Talk Health and Care

If 'Disney' ran the NHS...

Following experts  is from "If Disney Ran Your Hospital - by Fred Lee (2004)

"About teamwork, I would ask the group  in a staff meeting to complete: I want to work for a manager who...I want to work with co-workers who...

About passion, I would ask each individual to privately complete: I would ask each individual to complete : I enjoy my work when... I wish there was less... I wish  there was more... When I am not at work , I enjoy...This process of probing for information, having frank conversations, taking corrective actions, and getting  feedback on performance , are the proven steps for continuous  improvement in the things  that cannot  be measured statistically. Anything done at the level of mediocrity is discouraging and a real drag.

Anything done at the level of excellence, or in the pursuit of excellence, is exciting and fun. Service should be changed to experience. We are not at a patient's bed-side to provide a service . We are there to provide a compassionate healing experience so the body  can mend itself. Accountability needs to be changed to responsibility.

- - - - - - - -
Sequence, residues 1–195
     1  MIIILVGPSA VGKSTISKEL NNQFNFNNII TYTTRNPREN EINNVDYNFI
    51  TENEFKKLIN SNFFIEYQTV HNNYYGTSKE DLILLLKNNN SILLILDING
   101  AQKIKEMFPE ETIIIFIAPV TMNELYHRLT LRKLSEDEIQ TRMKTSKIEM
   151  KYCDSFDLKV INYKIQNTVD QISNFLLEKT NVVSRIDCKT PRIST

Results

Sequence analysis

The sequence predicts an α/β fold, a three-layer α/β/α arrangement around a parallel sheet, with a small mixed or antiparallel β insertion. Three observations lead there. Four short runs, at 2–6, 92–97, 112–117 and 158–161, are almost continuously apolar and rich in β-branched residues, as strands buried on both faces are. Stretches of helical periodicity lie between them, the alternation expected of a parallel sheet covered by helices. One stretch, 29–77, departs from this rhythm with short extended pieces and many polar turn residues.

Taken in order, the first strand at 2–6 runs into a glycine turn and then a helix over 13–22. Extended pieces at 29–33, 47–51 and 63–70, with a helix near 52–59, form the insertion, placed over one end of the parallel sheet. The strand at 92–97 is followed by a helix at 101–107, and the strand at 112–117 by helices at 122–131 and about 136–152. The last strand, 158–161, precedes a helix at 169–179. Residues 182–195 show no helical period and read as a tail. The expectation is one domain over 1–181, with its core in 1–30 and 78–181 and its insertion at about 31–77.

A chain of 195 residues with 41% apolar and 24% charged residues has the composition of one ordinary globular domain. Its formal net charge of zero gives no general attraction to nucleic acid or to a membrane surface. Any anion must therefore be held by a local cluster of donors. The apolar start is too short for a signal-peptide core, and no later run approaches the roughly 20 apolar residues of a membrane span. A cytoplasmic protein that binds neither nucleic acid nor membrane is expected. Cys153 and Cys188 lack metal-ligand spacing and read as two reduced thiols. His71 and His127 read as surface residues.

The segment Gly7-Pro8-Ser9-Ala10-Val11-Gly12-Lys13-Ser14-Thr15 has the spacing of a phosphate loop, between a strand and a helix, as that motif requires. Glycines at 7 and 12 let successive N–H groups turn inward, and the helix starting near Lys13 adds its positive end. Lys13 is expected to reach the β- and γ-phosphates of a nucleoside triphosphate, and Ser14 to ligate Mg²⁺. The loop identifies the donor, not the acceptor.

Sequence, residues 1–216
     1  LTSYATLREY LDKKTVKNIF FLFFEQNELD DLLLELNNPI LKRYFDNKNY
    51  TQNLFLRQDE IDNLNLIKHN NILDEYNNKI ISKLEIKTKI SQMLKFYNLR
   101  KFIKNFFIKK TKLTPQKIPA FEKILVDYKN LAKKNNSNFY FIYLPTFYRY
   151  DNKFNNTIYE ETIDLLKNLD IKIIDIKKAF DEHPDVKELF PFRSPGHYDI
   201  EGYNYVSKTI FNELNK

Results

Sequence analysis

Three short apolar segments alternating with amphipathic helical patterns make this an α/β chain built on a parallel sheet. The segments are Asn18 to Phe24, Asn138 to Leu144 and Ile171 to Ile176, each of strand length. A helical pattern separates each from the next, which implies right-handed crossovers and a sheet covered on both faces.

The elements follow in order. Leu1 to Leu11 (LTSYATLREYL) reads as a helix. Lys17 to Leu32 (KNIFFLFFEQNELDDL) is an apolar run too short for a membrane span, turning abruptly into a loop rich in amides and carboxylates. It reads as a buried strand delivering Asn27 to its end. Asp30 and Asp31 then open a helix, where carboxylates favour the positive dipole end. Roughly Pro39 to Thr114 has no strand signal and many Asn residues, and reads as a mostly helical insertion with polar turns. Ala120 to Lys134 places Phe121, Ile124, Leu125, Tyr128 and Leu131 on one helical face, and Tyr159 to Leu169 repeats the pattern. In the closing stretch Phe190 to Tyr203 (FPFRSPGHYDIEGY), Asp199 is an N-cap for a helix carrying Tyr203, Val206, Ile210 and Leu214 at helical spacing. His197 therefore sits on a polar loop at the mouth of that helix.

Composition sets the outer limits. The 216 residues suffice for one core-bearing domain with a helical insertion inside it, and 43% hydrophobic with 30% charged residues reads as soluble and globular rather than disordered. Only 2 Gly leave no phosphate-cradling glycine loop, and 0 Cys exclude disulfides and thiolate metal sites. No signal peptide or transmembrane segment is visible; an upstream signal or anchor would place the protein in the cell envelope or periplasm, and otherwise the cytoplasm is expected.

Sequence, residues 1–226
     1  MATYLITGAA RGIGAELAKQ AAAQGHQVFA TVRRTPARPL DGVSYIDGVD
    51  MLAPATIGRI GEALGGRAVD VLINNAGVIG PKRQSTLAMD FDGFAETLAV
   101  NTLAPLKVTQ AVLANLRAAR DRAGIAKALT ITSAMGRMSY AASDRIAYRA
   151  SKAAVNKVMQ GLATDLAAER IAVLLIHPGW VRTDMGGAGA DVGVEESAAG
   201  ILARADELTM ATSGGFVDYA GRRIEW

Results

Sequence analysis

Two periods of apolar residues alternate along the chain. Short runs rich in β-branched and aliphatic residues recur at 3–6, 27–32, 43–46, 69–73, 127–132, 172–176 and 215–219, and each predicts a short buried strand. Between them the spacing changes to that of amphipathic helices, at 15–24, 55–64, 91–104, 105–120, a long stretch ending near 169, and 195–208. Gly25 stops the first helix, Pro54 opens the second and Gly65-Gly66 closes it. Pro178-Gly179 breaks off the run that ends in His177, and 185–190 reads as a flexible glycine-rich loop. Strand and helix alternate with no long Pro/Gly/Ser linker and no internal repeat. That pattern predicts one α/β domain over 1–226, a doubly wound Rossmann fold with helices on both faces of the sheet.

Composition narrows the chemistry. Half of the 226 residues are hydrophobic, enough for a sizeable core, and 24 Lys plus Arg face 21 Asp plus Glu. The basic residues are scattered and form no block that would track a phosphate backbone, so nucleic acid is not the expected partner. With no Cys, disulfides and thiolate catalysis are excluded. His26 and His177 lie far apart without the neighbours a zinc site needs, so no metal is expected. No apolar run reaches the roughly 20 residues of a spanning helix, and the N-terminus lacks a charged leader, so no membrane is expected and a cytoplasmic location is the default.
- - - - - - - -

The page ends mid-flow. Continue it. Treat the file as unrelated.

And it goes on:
"A workplace focused primarily on compliance is a paternalistic (adult-child) culture because managers are like parents who lay down the laws to children who had better obey them or else. In terms of human motivation, it is the weakest, and places the responsibility for success on the shoulders of controlling , paternalistic authority. Great managers know that they are not judged by what they can do, but by what their teams can do without them...In the right atmosphere of teamwork, coaching, and learning, constant improvement is fun...An adult enters the mature world of marriage, family and work, he enters an interdependent reality. The competitive activities whereby people learn and establish their individual competencies and independence no longer work as they used to and are actually a hindrance to success in an interdependent reality. "The spirit of Win/Win cannot survive in an environment of competition. The system of recognition and working beautifully after 15 years - goes like this: Boxes ( like suggestion boxes) with compliment cards are placed conspicuously in key locations such as elevators and in waiting rooms. Anyone can use them, patients or employees. Someone is assigned to collect them at least once a week (more often if possible, and deliver them to the CEO. Top management reads all compliment cards and adds a note of thanks or just a signature indicating it was noticed. The cards are then routed through the chain of command to the employee. CEO's  might select a couple of cards once in a while to deliver personally by hand. No prizes are given. The integrity of the employee's intrinsic motivation is preserved.  Management has to stay involved because the cards keep coming. They can't opt just to quit reading them.And when the card is received, the employee feels the rush of appreciation, made more powerful because the appreciation arrives through management. A program like this is self renewing  and will go on successfully forever as long as someone keeps collecting the cards and sending them through management. There is no reason to game the system for rewards or leave it to individual managers to keep it going, and the only motive for both giver and receiver  is sincere appreciation. Since recognition is never at the expense of somebody else, there is no rivalry. And since there is no extrinsic reward, there is no cause for cynicism about people's motives. People want to be appreciated  for doing the right thing, not given a prize. Recruit the very best and get rid of the poor performers. Their spirit of teamwork was crucial to getting the work of our department done. To be forced by a arbitrary system to give some a higher raise than others whether it could be justified or not would ludicrous and demoralising. A typical eg might be an organisation decides to give a 3% increase across the board as a raise for employees, allowing managers to hit that average by giving differing amounts from 1% to 6% depending on the evaluations of a subordinate's performance. The problem comes when the system replaces the manager's judgment by demanding that some get less so that others get more. Why should people be paid the same if they do not perform the same? Doesn't it demoralise the hard workers and encourage laziness when you give everyone the same increase in pay? An individual  pay for performance system does not fit an organisation that is designed around processes and teams and that emphasises the importance of lateral relationships and co-operation. Individuals who need to co-operate and help each other should not be put in a position of competing for the same rewards.